One of the networks that is active in Shanghai on sustainability in China is the local GreenDrinks chapter. In fact, whereas Greendrinks usually are monthly events or so, in Shanghai this group has become more active, and has now re-branded itself to Green Initiatives, aimed not just at bringing together like-minded people and increasing awareness but also (and mostly) aimed at creating impact.
Last Thursday I was finally able to attend one of their events in person: a forum with different speakers on ‘Ethical food & drink‘ in China. Food is often a very personal part of sustainability – or at least, it is to me. It is one of the things I feel I can make my own choices on the food I buy (meat/no meat; organic or not; seasonal or not) relatively easily. It is also a personal issue because everyone needs food: it’s what you put into your body and what keeps you healthy. At least it should: and that’s where food has become a contentious issue in China where there are regular announcements of a new food scandal. Food safety/security is high on the agenda for anyone concerned about what they’re eating. But also in the Netherlands there are have been several cases involving food, labelling and transparency over the last few years.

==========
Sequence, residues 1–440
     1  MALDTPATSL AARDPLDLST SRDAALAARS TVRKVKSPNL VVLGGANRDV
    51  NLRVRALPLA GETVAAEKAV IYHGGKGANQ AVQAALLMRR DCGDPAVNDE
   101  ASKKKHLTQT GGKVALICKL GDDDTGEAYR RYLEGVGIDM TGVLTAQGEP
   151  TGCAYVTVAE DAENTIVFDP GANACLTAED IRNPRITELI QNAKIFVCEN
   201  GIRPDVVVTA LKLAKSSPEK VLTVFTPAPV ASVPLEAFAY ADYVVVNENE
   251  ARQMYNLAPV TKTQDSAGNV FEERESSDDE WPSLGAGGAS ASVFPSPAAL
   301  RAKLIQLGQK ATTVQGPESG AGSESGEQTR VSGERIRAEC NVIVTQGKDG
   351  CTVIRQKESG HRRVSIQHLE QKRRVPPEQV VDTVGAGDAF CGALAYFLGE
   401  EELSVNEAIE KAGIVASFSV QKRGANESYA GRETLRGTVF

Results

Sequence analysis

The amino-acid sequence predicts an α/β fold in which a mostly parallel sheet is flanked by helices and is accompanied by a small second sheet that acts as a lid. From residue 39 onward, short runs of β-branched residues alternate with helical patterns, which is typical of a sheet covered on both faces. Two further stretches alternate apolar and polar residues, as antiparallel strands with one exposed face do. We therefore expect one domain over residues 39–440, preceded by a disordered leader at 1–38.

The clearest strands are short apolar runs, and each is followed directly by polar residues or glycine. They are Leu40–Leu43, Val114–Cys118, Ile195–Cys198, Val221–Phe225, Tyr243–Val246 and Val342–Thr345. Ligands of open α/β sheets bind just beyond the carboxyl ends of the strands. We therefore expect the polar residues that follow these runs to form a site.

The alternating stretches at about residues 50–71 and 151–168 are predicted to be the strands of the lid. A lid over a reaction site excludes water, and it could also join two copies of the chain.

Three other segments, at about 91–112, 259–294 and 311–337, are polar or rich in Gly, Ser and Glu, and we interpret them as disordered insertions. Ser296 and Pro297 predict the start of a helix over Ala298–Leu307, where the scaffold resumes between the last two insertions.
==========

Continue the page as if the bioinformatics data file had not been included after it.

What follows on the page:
The above topics were all part of tonight’s forum which talked about the pro’s and con’s of different types of labelling, the good and bad parts of fair trade products etc.
A lot of attention was given to fair trade production, but the more interesting part of the evening for me was learning about the market for organic products in China. This market is in fact growing quickly, but also offers some strong obstacles for foreign companies interested in entering the market: any food labelled as organic in China must go through China’s own organic certification scheme. Unsurprising, as China uses its own certification procedures for many other product groups as well, but considering the cost this still makes it difficult for – especially – smaller producers to enter the market.
Clearly, this is of course also a prerequisite for any Chinese producers who are interested in expanding on this market. One of the panelists of the forum was Jane Tsao of BIOFarm, an organic farm in Pudong. They supply to both business (hotels & restaurants) but also to consumers directly via their weekly delivery of vegetables – good to know if I ever end up in Shanghai for a longer period of time.
Shopping for groceries tonight in a near-by (fancy) supermarket, I was again reminded of the forum and the fact that safe & healthy food is quickly becoming more important – at least in Shanghai: all vegetables there come from Organic Shanghai.